This was on the b-side of their debut single back in 1985.  It’s sadly still as relevant and poignant more than three decades on.

mp3 : Communards – Breadline Britain





A Certain Ratio were also responsible for the first ever release on Factory Benelux/Les Disques du Crépuscule back in August 1980 with a song that bemused everyone who had considered everyone on, and involved with, the parent label to be doom merchants:-

mp3 : A Certain Ratio – Shack Up

Here’s some other singles from their time on Factory which ended in 1986 although they would continue recording and performing for a number of labels for many more years to come.

mp3 : A Certain Ratio – Knife Slits Water (12″)
mp3 : A Certain Ratio – I Need Someone Tonite (12″)
mp3 : A Certain Ratio – Mickey Way (The Candy Bar) (12″)

You can tell they are a band I don’t actually know that much about!!  Anyone care to offer up some words and tunes via an ICA? (I’m thinking and looking at you Swiss Adam….the fount of all Mancunian knowledge….)





If you happen to use a similar browser as mine then underneath this bit of text is Pop Will Eat Itself while the right hand image is Mock Turtles.



In 1989, the grebo/crusty combo finally cracked the Top 40 at the sixth attempt with this:-

mp3 : Pop Will Eat Itself – Can U Dig It? (extended mix)

In 1991, the indie/baggy combo enjoyed a #18 hit with this:-

mp3 : Mock Turtles – Can You Dig It? (extended mix)

Totally different songs by totally different bands but which I bet are often mixed-up in pub quizzes.

And getting down to it boppers, I’m in the PWEI camp in terms of preference, albeit it’s not among their greatest 45s. Mock Turtles is just a wee bit too samey as so many other songs by so many other bands of the same era.


I would have been just short of my 8th birthday when South-African musician John Kongos took He’s Gonna Step On You Again into the UK charts in May 1971. I can honestly say that I have no recollection of the record whatsoever and therefore had no idea, until reading about it at the time back in 1991, that Happy Mondays latest single Step On  was a cover.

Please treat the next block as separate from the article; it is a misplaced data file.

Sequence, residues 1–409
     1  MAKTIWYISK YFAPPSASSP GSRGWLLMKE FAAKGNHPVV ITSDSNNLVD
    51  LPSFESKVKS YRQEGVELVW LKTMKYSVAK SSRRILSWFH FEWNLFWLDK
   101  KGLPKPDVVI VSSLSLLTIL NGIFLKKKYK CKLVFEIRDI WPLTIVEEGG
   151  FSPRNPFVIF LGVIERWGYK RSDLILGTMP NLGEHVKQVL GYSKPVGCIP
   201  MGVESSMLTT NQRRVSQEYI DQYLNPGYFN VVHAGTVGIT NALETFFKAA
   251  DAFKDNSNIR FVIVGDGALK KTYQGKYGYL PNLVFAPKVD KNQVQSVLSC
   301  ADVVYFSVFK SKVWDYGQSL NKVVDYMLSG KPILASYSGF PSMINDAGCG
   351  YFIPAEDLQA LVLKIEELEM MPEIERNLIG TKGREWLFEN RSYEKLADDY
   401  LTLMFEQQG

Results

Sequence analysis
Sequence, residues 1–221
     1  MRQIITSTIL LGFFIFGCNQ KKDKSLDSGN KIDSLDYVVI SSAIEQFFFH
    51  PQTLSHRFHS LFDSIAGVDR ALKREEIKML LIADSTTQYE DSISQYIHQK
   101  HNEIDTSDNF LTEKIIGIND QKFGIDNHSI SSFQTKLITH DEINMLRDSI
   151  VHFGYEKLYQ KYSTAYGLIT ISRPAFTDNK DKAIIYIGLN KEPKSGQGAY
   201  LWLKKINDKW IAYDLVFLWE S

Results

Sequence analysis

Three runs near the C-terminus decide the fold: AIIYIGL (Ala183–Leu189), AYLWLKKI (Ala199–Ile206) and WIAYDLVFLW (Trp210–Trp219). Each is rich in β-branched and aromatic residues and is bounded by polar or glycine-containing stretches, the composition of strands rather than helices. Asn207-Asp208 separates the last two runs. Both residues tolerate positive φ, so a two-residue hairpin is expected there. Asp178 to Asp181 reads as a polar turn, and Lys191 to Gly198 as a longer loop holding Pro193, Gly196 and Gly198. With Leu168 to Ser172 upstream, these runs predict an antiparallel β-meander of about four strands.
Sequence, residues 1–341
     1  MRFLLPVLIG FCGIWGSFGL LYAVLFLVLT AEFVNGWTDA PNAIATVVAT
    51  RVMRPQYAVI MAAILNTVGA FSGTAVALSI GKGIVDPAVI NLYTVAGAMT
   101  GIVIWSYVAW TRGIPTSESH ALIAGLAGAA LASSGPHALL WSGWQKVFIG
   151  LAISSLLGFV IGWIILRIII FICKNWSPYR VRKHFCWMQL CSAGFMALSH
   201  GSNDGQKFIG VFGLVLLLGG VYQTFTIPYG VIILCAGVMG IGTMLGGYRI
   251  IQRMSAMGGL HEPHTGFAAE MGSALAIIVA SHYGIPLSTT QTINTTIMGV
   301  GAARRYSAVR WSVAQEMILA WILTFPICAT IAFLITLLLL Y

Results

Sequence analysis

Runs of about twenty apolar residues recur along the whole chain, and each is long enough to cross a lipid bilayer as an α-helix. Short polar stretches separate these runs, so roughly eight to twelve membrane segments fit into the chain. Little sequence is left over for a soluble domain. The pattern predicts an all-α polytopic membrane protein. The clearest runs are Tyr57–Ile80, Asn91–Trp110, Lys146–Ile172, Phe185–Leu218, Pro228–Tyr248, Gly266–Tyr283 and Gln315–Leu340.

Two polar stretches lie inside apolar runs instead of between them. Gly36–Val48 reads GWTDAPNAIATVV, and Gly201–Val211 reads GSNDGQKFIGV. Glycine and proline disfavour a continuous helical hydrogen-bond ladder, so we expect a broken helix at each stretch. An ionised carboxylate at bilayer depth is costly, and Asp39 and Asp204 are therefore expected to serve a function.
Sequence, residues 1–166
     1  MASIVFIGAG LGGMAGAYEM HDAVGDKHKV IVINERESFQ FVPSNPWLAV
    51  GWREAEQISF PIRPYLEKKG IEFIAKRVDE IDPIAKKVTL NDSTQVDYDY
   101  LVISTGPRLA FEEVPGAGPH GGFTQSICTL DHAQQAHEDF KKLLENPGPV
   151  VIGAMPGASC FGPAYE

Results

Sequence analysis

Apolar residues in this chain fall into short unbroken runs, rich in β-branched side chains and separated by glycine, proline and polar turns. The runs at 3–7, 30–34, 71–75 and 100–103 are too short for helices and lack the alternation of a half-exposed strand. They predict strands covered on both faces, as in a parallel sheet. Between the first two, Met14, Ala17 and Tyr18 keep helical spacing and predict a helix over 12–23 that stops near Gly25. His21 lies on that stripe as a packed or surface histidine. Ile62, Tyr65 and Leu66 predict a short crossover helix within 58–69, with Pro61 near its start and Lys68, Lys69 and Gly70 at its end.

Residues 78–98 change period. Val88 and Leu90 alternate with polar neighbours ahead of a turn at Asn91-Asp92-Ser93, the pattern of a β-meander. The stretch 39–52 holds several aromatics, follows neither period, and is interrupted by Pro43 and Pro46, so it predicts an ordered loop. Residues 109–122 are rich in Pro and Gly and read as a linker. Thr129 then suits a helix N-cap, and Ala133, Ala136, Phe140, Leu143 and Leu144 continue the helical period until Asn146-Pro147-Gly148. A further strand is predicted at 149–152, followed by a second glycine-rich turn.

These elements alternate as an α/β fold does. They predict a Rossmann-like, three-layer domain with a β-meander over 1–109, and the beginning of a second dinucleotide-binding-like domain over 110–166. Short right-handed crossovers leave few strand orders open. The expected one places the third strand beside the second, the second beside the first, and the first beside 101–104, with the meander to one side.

The two songs are really quite dissimilar and I don’t think may would argue that the Happy Mondays greatly improved on the original. I think the big difference is that the original really does sound of its time while the cover has become genuinely timeless – it does help of course that the production advances over the two decades between them meant that loveable Mancunians could do so much more with the tune but it still doesn’t detract from the fact that they derived a classic.

And yet, the original outperformed the cover – John Kongos got as high as #4 while Happy Mondays stalled at #5 – and it’s likely in pure sales terms that the original did better. What I didn’t know until doing a wee bit of research for this piece is He’s Gonna Step On You Again, according to wiki, is cited in the Guinness Book of Records as being the first song to have used a sample which just goes to show how long that’s been around contrary to popular belief. Having said that, a much later CD reissue of the parent album states it wasn’t a sample but a tape loop of African drumming and so debunked the alleged first.

Also worth mentioning that the Happy Mondays version actually sampled three guitar notes from the original as can be heard easily when you listen to both versions:-

mp3 : John Kongos – He’s Gonna Step On You Again
mp3 : Happy Mondays – Step On